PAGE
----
Late Summer Is Peak Disease-Carrying Season For Minnesota Mosquitoes; Here’s How To Protect Yourself
They're not only annoying, they can be deadly.
Mosquitoes are often called "Minnesota's state bird". While their population tends to be more dormant at the start of the season, there's usually a dramatic rise in their numbers towards the back-half of the summer - often overnight. That rise in population combines with a variety of other factors to make the months of July, August, and September the peak season for mosquitoes ability to carry disease, spreading it to humans.
The Minnesota Department of Health reports that our state is home to 50 different species of mosquitoes; no wonder why those late summer evenings can seem so "buggy". However, even with a large number of mosquito species, "only a few are capable of spreading disease to humans". And the diseases they spread are quite hazardous:
- Culex Tarsalis is the main vector that spreads West Nile to Minnesotans
- Aedes Triseriatus - a tree-hole mosquito - is the main spreader of the La Cross virus to gopher state residents
- Several other sub-varieties of Aedes transmit the Jamestown Canyon virus throughout Minnesota
As we stated earlier, the late summer months - July, August, and September - represent the "highest risk period" for mosquito to human transmission. That's because "most of the populations of disease-carrying mosquitoes are higher at this time of year and the viruses that cause disease have had time to become widespread in these mosquitoes."
While the casual mosquito bite won't amount to much more than an annoying "pinch" for a second or so, the Minnesota Department of Health still recommends that Northlanders take strides to (a) reduce the chances of a mosquito bite and (b) protect yourself. Here are their top three suggestions to prevent mosquito bites:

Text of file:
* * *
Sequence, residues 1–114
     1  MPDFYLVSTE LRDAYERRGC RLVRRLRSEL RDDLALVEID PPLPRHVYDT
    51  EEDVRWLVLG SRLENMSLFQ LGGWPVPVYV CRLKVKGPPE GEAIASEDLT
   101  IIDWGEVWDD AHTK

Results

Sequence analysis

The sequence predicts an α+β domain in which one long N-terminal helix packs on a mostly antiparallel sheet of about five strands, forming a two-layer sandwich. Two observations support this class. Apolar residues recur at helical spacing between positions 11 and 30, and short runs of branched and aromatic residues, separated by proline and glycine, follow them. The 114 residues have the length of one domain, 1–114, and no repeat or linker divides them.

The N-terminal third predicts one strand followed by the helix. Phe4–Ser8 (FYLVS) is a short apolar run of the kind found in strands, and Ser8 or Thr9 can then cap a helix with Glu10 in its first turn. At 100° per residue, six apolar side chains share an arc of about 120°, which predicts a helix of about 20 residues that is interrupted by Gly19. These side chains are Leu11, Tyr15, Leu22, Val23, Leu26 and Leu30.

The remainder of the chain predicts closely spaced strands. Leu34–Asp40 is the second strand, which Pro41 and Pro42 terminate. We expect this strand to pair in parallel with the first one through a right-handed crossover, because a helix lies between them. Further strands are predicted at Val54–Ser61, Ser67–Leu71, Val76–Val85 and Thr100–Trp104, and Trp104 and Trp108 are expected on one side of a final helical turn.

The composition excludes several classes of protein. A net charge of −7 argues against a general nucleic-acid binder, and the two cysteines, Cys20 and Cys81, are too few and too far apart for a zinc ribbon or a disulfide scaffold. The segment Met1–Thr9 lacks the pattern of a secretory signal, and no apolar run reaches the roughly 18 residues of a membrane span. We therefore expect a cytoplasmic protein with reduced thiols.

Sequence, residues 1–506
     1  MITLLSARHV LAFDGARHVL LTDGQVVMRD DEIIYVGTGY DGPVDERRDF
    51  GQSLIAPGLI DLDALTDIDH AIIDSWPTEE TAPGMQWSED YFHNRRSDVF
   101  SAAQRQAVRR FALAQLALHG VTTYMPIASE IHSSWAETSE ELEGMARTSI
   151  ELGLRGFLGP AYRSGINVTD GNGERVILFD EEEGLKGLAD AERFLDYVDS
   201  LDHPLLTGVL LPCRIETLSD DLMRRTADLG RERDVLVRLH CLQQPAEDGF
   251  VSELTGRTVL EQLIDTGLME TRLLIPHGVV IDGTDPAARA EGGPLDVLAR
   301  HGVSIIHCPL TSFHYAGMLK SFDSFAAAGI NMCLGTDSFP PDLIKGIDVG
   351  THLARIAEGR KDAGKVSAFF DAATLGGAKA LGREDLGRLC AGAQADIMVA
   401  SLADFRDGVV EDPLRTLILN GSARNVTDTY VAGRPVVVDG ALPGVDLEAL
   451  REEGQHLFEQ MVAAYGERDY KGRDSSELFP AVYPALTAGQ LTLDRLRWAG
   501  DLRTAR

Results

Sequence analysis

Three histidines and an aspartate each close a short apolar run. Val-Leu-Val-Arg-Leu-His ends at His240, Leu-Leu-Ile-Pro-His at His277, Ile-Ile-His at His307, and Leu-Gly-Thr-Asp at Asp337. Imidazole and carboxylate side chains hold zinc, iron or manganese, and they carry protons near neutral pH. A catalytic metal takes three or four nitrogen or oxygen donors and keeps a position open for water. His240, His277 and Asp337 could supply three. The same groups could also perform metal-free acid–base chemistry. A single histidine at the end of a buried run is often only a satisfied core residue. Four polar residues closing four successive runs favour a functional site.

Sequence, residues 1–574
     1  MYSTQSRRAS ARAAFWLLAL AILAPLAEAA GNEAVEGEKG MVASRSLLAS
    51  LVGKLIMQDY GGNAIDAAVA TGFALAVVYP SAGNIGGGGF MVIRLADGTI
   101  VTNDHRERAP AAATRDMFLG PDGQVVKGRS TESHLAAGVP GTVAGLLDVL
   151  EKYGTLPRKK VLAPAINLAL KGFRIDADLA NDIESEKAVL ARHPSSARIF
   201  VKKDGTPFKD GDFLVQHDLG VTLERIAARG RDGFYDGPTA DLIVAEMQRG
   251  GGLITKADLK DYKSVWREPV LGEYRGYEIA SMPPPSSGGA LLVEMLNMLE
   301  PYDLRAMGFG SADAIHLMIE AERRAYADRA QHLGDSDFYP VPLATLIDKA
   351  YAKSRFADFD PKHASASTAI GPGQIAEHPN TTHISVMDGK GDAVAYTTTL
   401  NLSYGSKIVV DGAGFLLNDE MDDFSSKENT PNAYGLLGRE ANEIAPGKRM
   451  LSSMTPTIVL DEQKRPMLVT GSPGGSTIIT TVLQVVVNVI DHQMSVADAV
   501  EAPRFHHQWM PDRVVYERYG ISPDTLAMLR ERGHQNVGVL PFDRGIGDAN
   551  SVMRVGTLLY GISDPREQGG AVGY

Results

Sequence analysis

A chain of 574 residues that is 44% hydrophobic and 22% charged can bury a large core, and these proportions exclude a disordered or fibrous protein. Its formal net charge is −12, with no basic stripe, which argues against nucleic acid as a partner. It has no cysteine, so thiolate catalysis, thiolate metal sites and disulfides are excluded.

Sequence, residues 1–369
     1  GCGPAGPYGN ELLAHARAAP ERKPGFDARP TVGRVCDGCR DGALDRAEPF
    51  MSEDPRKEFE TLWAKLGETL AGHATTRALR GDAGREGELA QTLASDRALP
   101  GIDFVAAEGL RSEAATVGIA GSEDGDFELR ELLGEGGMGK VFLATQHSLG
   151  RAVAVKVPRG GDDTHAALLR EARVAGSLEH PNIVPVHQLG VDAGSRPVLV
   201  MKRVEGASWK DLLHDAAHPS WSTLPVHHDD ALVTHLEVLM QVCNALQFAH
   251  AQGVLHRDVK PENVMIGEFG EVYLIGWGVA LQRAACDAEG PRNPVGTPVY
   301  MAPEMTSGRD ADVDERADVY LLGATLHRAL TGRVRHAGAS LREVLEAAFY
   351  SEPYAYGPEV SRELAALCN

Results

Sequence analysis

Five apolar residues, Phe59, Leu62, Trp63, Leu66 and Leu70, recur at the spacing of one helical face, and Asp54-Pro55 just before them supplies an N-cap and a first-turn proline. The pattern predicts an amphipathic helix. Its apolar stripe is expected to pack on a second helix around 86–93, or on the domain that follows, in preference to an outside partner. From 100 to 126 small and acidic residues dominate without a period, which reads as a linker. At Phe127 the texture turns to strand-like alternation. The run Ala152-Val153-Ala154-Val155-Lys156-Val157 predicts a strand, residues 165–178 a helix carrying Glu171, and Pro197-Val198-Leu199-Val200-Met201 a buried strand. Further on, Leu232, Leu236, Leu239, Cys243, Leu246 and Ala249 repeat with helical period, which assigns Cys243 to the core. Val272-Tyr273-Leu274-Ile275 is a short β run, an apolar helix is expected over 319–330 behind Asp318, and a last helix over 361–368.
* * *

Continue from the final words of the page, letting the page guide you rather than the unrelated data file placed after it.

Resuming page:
- Check and repair screens. Often as the summer season rolls along, the screens we've been counting on to keep the bugs away have aged, worn, or developed tears. Repair those screens and help to keep bugs (mosquitoes) at bay.
- Empty containers that hold water on your property. Water provides the perfect breeding ground for mosquitoes, allowing their populations to explode.
- Remove old tires. This advice goes hand-in-hand with the above tip. Old, unused tires become sanctuaries for mosquitoes as they hold water and usually exist low to the ground.
At the same time, there are other steps you can take to protect yourself from mosquitoes and the potential for serious illness tied to bites:
- Find and use the right mosquito repellent. The United States Environmental Protection Agency offers a useful resource guide on their website.
- Wear mosquito repellent containing up to 30% DEET.
- Apply repellents that contain permethrin to your clothing or gear.
- Follow the product label and reapply as directed.
- Wash off all repellents when you return indoors.
- If desired, check out alternative repellents - including picaridin, IR3535, and oil of lemon eucalyptus.
- Wear loose-fitting, light colored clothing.
- Head nets should be considered in heavy-density mosquito areas of when activity would preclude avoidance.
- Avoid outdoor activity during peak mosquito feeding times.
For additional information, check out the resource page available on the Minnesota Department of Health's website.